News outlets that serve immigrant audiences from across the country joined forces today to urge the U.S. House of Representatives to move forward with comprehensive immigration reform. El Diario/La Prensa, La Opinión, New America Media, Irish Echo, Bangla Patrika, Daily Khabrain, Nowy Dziennik, Primera Hora, and others began publishing a joint editorial in light of growing concerns that members of the Republican-controlled House aim to derail immigration reform efforts.
These publications, which represent Latino, Irish, Polish, Pakistani, and Bangladeshi communities, are urging representatives to “work on sensible and humane policy solutions that will resolve the plight of families across this nation.” They also suggest that inability to work towards reform could have negative consequences for the Republican Party, but that more importantly they say, “Congress has a moral obligation to children who should not be separated from their parents.”
With the key message, “There is no room for failure,” these publications take a strong position against focusing exclusively on increased border security, and encourage constructive bipartisan immigration reform.
Read the full editorial below (courtesy El Diario/La Prensa):
A message to Washington: There is no room for failure
In the Republican-controlled House, many legislators are positioning themselves to not only resist but also undermine immigration reform. Speaker John Boehner has said that he will not bring a bill to the floor unless a majority of Republicans support it.
Immigration reform has been on hold for more than a decade, leaving 11 million people in a legal limbo. We strongly urge representatives in Washington to instead work on sensible and humane policy solutions that will resolve the plight of families across this nation.
But for legislators who want to usher a bipartisan reform effort into a minefield of backwards amendments, we remind them of the following.
In 2006, immigrants and allies rallied across the country in massive demonstrations. The slogan then was “Today we march, tomorrow we vote.”
It was not an empty promise.
The anti-immigrant attacks from the right had grown so hostile that it drove outraged voters to the polls. They helped cast a Democrat in the White House. This trend continued as Republicans moved to be more inclusive in 2012 but failed to offer a real program for immigration reform. The political implications for those who choose to go to the negotiation table in bad faith are clear.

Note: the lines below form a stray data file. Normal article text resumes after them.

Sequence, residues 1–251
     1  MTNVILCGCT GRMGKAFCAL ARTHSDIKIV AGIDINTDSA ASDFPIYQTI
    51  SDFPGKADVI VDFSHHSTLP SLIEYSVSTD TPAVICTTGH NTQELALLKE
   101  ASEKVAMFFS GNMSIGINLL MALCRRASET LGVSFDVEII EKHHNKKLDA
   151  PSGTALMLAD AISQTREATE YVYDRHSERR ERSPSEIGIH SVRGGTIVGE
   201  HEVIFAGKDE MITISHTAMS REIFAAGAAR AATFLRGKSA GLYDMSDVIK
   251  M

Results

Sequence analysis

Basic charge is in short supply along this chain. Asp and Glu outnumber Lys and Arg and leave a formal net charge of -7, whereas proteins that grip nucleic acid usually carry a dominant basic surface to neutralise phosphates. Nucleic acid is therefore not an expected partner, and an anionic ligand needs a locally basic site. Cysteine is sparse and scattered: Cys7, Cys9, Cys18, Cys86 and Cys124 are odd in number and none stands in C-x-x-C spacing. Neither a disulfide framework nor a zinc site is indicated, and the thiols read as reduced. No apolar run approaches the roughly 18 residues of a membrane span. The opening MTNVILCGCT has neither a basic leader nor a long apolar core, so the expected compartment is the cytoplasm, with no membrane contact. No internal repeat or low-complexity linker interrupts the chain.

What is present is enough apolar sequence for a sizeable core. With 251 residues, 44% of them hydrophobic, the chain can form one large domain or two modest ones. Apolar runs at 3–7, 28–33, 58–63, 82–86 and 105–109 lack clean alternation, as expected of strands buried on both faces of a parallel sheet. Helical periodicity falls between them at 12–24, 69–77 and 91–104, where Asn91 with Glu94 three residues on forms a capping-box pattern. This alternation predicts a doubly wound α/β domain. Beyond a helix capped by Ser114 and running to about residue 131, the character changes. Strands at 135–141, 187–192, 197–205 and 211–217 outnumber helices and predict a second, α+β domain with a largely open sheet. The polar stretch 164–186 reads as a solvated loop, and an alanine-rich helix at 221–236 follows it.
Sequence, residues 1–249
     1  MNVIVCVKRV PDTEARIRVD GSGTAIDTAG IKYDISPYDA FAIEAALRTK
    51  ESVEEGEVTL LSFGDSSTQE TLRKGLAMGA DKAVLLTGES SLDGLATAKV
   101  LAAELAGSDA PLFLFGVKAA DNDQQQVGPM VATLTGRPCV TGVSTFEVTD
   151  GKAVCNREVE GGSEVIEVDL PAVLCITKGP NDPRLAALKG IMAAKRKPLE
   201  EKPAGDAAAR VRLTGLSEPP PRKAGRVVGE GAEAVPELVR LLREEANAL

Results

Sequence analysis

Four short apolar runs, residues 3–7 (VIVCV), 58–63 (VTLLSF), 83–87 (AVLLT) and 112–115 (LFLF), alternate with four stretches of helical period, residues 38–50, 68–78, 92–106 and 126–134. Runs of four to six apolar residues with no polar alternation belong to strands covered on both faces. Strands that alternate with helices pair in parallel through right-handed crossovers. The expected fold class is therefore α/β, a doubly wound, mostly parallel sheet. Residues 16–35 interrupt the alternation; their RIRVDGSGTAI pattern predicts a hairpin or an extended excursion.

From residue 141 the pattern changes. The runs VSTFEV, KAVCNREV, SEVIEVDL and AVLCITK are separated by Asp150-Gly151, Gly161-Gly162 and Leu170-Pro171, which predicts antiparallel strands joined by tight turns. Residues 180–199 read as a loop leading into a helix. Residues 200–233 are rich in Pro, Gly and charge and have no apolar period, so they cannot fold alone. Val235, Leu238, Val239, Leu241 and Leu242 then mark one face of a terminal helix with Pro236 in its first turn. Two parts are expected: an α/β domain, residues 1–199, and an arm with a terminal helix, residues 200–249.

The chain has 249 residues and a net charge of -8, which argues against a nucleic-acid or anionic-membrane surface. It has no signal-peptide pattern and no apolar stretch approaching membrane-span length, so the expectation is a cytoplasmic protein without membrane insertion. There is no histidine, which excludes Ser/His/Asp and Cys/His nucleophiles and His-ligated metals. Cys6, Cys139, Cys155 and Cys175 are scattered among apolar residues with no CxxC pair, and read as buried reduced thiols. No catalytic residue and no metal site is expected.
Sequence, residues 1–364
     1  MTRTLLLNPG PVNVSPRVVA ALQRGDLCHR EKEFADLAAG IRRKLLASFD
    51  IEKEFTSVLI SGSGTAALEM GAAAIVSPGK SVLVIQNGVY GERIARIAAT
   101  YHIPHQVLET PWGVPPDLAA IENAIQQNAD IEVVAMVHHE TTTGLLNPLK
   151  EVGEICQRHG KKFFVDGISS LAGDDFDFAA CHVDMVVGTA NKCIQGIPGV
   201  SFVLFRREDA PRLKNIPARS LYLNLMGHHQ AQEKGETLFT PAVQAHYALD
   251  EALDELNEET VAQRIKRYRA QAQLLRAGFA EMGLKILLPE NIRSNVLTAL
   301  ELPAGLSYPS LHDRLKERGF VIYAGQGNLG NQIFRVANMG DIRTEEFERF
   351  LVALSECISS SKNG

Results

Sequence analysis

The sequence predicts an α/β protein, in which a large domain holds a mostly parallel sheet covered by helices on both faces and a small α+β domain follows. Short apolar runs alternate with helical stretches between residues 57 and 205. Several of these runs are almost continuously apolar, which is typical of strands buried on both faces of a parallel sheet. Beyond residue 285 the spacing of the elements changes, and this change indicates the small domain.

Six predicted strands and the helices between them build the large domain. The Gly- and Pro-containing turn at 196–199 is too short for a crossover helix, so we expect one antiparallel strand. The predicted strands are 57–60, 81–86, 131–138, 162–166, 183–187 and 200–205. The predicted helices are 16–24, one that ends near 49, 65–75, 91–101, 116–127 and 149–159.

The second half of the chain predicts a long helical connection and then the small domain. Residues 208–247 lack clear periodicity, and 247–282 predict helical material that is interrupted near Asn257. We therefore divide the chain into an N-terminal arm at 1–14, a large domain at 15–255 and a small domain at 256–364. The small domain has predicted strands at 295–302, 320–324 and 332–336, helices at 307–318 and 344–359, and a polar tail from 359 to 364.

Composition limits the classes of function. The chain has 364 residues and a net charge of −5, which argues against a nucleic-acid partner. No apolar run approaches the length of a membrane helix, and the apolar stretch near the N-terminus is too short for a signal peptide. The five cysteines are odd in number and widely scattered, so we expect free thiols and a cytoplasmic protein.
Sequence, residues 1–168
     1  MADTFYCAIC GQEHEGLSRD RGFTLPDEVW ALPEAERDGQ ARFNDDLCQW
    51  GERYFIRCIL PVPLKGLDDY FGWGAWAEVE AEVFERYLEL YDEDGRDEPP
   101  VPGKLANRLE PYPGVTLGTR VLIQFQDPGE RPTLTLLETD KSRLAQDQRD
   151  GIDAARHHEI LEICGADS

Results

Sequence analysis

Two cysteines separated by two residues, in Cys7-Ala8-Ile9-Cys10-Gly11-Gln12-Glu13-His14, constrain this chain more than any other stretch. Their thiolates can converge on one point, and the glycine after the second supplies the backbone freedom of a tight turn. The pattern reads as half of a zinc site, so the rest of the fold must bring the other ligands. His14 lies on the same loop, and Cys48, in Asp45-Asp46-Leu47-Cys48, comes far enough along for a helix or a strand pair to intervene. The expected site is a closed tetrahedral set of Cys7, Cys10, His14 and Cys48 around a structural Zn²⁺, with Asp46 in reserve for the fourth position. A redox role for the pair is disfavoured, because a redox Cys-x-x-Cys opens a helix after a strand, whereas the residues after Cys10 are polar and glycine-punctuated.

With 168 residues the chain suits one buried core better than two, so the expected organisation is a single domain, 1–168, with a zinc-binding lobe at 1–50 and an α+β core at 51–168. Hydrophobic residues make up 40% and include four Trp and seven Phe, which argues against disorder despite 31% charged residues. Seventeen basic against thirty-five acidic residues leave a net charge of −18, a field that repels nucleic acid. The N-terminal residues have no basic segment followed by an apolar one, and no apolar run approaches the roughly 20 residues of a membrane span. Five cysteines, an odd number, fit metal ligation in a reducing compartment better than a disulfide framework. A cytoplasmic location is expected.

But more importantly than the political consequences, Congress has a moral obligation to children who should not be separated from their parents. It must bring out of the shadows people who stand ready for full integration and to contribute to our nation’s economy as baby boomers age out.
In these weeks, the issue of border security has been allowed to dominate the discourse around reform. We understand that controls at the border are needed. However, the conversation around immigration reform doesn’t begin and end at the border. And this two-step process that many Republicans are obsessed with – that legalization must be conditioned on a military border complex– is the same delay tactic they have been using for years.
Undocumented persons are willing to pay penalties and meet a host of requirements. But to condemn them to some purgatory in an attempt to seal off the United States from Mexico is a political game because Republicans keep moving the line on what border security means.
We are also aware that Democrats — from President Obama down—promised to deliver comprehensive immigration reform, with a path to legalization and citizenship. This does not translate into an indefinite parking lot for undocumented families until Republicans have all of their items checked off. That’s not compromise – it’s capitulation.
We expect both parties to show leadership for a workable policy solution that sets up immigrants, and in turn, our nation, for success. In the meantime, we stand ready to bring great attention to who leads, and who works against this process.
Fi2W is supported by the David and Katherine Moore Family Foundation and the Ralph E. Odgen Foundation.